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2013 Hale Aina Awards: When to eat where

Our readers named the best restaurants in the Islands. To help you navigate the wealth of great dining, we lead you through a year-long itinerary of Hale Aina eating: when to eat where.


(page 8 of 9)


House-cured ikura and uni nigiri at Sushi Sasabune.

Photos by Rae Huo, Alan Wong

Halloween used to be a really quiet time for Sushi Sasabune (Best Japanese, bronze), when you could easily snag a seat at the bar. Not so much now. Maybe people decided the Sushi Nazi was scarier than haunted houses? More likely, it’s an oasis to escape the zombies, witches, bad puns and assorted Halloween madness outside. Sushi Sasabune has spruced up its environs recently with faux maple trees that reflect the progression of seasons. What hasn’t changed: the jewels on the plate that command your attention. The orbs of house-cured ikura, not too salty, actually look like precious gems, and pristine cuts of fish—scallop dusted with yuzu kosho (a citrusy, peppery condiment); mackerel topped with translucent pickled seaweed—crown rice that holds together between your chopsticks, but disperses immediately in your mouth. In fact, there’s nothing scary at Sushi Sasabune, not even the sushi chef.


Predicting the seasons for seafood can be as difficult as predicting the weather, especially in this global-warming era. There’s a quota on bottom-fish (snappers such as opakapaka and onaga) and, in previous years, the fishery closed for a few months out of the year. Last year, the fishery stayed open, but, generally, the best bet for bottom-fish is winter—when the fish are biting and when bigger fish like ahi, mahi and swordfish don’t lure the fishermen away. So this is the time to catch the ginger-crusted onaga at Alan Wong’s (Restaurant of the Year, silver; Best Oahu restaurant, silver; Best Service, bronze; Best Dessert, gold). The delicate, flaky fish is crowned with oil-scalded ginger and scallion and set in a pool of miso sesame sauce.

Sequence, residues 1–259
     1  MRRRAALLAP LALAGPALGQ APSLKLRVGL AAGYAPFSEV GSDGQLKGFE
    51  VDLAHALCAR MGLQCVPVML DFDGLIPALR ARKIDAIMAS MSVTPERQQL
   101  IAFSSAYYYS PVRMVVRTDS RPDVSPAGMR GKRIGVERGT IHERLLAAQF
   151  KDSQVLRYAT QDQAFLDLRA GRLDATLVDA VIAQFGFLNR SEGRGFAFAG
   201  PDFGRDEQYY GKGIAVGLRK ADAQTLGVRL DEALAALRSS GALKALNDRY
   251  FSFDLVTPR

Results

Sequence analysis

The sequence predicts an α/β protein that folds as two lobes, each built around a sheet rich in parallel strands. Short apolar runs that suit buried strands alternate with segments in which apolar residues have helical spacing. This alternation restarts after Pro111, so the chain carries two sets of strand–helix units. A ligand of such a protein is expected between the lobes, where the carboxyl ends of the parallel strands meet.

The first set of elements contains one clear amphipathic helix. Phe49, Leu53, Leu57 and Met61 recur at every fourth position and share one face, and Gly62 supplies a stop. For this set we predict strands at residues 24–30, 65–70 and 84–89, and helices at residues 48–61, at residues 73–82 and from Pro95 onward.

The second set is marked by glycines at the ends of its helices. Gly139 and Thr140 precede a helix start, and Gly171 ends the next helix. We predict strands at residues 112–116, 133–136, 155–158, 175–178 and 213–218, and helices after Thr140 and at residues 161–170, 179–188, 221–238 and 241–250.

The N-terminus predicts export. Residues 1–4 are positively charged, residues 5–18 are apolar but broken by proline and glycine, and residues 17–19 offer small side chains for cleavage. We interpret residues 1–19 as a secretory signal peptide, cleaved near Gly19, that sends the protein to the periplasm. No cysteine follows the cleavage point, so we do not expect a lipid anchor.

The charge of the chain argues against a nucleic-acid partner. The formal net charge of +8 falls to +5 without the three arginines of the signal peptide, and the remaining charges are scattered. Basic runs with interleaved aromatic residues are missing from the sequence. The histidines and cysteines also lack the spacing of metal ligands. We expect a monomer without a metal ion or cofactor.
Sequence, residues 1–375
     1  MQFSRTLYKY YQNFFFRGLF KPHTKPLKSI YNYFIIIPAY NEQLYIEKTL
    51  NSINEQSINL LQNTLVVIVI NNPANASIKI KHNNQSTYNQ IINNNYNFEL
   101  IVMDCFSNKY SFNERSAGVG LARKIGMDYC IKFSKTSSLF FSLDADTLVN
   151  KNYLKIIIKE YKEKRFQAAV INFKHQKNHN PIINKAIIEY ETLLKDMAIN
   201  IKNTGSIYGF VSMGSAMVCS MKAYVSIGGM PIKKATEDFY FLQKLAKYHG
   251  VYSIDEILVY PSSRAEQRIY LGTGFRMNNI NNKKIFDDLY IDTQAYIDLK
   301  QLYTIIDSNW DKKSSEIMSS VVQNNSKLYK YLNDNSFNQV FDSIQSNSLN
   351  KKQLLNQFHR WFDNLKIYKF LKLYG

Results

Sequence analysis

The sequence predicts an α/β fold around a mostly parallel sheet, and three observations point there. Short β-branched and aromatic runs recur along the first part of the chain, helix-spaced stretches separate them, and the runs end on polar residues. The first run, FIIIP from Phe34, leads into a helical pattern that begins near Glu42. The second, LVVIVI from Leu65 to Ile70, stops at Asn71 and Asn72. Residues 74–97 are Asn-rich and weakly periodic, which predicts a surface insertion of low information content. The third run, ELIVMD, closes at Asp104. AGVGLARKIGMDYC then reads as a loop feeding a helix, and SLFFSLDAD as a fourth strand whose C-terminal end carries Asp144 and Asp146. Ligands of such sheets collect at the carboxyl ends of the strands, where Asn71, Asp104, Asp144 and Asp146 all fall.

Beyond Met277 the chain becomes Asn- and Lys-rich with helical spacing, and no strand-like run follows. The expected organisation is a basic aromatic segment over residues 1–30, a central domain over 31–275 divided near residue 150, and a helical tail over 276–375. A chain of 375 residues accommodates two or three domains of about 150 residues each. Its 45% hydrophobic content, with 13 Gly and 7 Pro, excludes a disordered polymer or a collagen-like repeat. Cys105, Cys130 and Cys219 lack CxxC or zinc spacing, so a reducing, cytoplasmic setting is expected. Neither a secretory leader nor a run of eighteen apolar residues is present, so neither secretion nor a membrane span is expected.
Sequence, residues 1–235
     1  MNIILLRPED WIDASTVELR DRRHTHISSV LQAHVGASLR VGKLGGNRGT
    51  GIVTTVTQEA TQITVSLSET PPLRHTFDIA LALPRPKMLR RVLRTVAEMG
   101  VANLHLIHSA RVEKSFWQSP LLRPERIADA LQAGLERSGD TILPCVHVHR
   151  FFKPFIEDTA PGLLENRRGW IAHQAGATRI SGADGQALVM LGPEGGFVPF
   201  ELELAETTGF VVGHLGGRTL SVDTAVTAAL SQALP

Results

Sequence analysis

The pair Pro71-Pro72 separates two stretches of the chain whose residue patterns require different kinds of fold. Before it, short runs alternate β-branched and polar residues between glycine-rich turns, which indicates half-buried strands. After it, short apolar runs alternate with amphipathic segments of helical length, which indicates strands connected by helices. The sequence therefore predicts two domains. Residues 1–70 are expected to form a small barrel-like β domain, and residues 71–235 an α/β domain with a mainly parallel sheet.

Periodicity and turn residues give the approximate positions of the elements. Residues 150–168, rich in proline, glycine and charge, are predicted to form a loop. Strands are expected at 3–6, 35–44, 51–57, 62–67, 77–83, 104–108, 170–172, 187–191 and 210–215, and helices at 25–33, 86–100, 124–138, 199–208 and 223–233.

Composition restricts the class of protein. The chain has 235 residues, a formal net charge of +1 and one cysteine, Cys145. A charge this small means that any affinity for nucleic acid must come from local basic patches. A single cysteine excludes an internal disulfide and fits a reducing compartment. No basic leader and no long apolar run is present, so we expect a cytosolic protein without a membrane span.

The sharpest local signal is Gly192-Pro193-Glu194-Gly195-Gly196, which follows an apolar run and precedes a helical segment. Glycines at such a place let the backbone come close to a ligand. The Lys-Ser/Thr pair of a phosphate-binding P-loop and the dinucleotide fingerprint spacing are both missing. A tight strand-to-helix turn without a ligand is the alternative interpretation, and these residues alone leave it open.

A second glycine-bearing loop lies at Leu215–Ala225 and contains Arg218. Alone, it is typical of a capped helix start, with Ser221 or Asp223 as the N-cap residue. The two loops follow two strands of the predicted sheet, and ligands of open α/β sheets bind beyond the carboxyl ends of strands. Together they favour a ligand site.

Alan Wong's pineapple shave ice.


Absolutely save room for dessert. Alan Wong’s pineapple shave ice seemingly came out of nowhere. Then suddenly, it was everywhere on the food and wine circuit—its technique versatile, the end result beguiling, and you just couldn’t get enough of it.

It could have been this shave ice alone that cinched the Hale Aina gold for Alan Wong’s. Yes, shave ice. But this isn’t Waiola’s shave ice, as fine as that may be. In classic Alan Wong fashion, pastry chef Michelle Karr-Ueoka took our Island favorite and spun it for white-tablecloth fine dining. She freezes compressed pineapple marinated with vanilla bean and shaves it (by hand!) over haupia sorbet, tapioca and vanilla panna cotta. No sugar syrup and ice here, just straight up, pure pineapple.

The other desserts are just like that shave ice: upscale comfort desserts. Waialua chocolate “crunch bars” with milk chocolate macadamia nut crunch and bitterwsweet chocolate mousse are what Kit Kat bars dream of being when they grow up.




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